More Central American Women being Killed, Cobourg Charity Says

Sunday, January 3, 2010
Northumberland News
Central America
El Salvador
PeaceWomen Consolidated Themes: 
Human Rights
Sexual and Gender-Based Violence

The rising number of women being murdered in Central America is highlighted in a recently released grim report, thanks to the support of a Northumberland charity.

"It shows a strong increase in the number of women being killed," said Bill Fairbairn, Horizons of Friendship's Mesoamerican coordinator. "I was shocked. You want to know why women are being targeted."

Horizons of Friendship, the only Canadian charity working exclusively with grassroots groups in Mexico and Central America, works on promoting women's rights, food security, agricultural diversification and offering agricultural training for rural women's networks.

In December, Horizons' staff joined with the Central American Feminist Network to End Violence Towards Women in Costa Rica to release a new report on femicide - the systematic killing of women based on their gender.

The study, supported by Horizons and the United Nations Development Fund for Women, focuses on six Central American countries - Guatemala, Honduras, El Salvador, Nicaragua, Costa Rica and Panama. The study found that while murder rates are on the rise in many parts of Central America, women are being disproportionately affected.

Between 2000 and 2006, killings of men in El Salvador increased by 40 per cent, while female murders grew by 111 per cent. In Guatemala, the killing of men doubled from 1990 to 2004, while rates for women tripled. The most extreme case is Honduras, where from 2003 to 2007 the killing of women grew four times faster than that of men.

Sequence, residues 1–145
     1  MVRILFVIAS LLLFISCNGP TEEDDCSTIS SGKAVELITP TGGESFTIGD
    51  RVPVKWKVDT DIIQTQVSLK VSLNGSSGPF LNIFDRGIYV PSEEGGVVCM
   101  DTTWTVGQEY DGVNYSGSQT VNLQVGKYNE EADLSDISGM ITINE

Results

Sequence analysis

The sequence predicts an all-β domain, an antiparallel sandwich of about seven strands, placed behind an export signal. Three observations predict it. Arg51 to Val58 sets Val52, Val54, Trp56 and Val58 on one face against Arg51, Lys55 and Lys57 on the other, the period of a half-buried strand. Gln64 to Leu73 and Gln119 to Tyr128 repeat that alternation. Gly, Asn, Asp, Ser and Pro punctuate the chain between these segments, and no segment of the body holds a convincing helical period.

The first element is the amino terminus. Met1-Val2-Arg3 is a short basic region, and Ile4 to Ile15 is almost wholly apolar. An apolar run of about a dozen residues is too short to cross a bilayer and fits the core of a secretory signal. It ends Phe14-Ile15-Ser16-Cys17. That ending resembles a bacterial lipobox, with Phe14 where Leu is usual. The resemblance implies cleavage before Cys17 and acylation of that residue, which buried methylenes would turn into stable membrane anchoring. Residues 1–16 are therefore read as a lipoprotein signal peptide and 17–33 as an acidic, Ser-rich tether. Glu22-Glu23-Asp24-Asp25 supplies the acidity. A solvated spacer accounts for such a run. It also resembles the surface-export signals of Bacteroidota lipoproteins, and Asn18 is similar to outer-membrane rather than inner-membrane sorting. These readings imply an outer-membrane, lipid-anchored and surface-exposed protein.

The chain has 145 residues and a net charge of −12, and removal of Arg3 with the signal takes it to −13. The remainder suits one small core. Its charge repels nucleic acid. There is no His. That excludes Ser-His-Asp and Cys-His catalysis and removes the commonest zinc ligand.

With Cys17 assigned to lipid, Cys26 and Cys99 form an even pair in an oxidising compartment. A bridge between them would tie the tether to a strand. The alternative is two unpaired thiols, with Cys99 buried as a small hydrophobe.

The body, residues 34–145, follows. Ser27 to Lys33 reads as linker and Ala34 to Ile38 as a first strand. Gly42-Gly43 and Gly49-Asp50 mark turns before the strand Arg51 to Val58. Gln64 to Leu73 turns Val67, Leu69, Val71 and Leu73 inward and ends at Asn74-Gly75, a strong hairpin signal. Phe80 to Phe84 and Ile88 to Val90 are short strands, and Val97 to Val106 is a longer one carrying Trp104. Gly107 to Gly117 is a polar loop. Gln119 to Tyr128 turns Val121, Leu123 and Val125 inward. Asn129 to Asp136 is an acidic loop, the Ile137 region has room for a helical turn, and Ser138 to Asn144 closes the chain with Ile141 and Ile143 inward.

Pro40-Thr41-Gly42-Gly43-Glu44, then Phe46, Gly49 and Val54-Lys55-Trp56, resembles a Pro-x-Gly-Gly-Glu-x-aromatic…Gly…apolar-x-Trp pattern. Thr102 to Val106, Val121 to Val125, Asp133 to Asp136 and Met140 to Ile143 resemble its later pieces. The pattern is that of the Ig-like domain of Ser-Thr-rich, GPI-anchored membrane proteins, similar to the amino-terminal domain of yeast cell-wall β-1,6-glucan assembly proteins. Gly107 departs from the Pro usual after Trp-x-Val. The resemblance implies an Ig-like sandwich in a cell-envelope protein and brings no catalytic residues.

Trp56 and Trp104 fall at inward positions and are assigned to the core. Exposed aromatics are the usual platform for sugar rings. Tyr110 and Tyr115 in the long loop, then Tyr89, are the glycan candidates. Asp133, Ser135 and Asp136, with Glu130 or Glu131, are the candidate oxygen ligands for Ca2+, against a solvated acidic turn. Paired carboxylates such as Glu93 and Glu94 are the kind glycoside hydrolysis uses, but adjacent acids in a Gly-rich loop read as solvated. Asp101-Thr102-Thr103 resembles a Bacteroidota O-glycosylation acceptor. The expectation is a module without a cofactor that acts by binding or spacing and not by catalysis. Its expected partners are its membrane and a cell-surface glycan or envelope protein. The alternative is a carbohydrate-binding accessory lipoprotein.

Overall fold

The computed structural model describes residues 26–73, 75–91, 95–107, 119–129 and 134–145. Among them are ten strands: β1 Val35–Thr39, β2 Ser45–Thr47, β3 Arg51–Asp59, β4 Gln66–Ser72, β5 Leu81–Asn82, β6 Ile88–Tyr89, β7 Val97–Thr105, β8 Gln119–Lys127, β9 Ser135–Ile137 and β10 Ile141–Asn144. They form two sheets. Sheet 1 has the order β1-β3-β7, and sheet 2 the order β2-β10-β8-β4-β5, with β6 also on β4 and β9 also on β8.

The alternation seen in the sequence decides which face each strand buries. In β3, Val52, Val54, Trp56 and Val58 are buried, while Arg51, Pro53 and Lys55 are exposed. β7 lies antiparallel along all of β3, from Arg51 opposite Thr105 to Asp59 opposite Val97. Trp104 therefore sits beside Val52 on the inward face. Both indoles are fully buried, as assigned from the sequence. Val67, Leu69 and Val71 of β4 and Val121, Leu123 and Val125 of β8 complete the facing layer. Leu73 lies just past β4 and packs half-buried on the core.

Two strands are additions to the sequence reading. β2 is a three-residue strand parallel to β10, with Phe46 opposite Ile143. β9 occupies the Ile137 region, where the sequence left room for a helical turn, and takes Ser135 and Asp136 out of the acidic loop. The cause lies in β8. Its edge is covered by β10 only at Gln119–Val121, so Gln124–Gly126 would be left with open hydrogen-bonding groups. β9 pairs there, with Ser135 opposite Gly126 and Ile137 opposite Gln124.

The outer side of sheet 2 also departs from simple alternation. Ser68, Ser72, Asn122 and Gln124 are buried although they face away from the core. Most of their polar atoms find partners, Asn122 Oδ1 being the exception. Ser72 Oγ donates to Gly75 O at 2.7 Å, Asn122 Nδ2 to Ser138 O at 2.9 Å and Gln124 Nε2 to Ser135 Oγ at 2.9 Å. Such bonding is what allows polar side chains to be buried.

Many of these slayings are accompanied by signs of brutal torture, mutilations and rape.

"There's increasing levels of cruelty. If men are killed, it's a bullet to the head. Women are mutilated, raped. Pregnant women are targeted - one was shot four times in the stomach," said Mr. Fairbairn.

Many of the countries studied have a legacy of civil wars and a culture of impunity for abuses committed, which could contribute to the violence. However, the report found the dramatic increase in femicide is directly related to high levels of poverty and growing inequities between men and women. Increasing poverty has created a "shady" economy of sex trade trafficking and gang violence, the report states.

"Women are being used as pawns in territorial disputes between the gangs. They kill women to send a message to the other gang," said Mr. Fairbairn. "There's also increasing levels of sex trafficking, and women are quite vulnerable."

The report found more younger women are being killed than in the past. One in four of the victims is between 10 and 19.

He drew similarities between the femicide in Central America and the murders of Aboriginal women in Canada, which are not fully investigated, and the Montreal massacre at the Ã?cole Polytechnique 20 years ago. The yearly tradition of naming the victims of the Montreal Massacre on Dec. 6 appealed to the Central American feminists, Mr. Fairbairn said.

"A lot of the women who have been killed in Central America are anonymous," said Mr. Fairbairn. "They're looking at finding symbolic ways to lift up the women."

The study findings and recommendations were presented directly to the Council of Ministers for Women in Central America.

The report recommended gender equality training for law makers and police to sensitize them to violence against women and femicide; new policies to prosecute and investigate the people responsible; new legislation to include violence against women as a hate crime; access to justice and legal representation for families; a regional plan against trafficking; and a regional reporting system to measure violence against women in Central America.

"There's a real lack of access to justice," said Mr. Fairbairn. "The new proposal for the next phase is focusing on access to justice."